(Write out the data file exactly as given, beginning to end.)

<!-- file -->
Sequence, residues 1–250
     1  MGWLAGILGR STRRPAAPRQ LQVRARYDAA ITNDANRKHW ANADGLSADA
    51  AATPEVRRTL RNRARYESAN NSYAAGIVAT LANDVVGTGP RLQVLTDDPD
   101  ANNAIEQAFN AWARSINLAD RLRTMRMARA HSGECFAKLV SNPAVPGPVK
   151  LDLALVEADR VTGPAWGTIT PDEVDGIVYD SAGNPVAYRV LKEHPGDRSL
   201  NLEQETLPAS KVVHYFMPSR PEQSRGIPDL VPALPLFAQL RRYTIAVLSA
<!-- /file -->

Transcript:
Sequence, residues 1–250
     1  MGWLAGILGR STRRPAAPRQ LQVRARYDAA ITNDANRKHW ANADGLSADA
    51  AATPEVRRTL RNRARYESAN NSYAAGIVAT LANDVVGTGP RLQVLTDDPD
   101  ANNAIEQAFN AWARSINLAD RLRTMRMARA HSGECFAKLV SNPAVPGPVK
   151  LDLALVEADR VTGPAWGTIT PDEVDGIVYD SAGNPVAYRV LKEHPGDRSL
   201  NLEQETLPAS KVVHYFMPSR PEQSRGIPDL VPALPLFAQL RRYTIAVLSA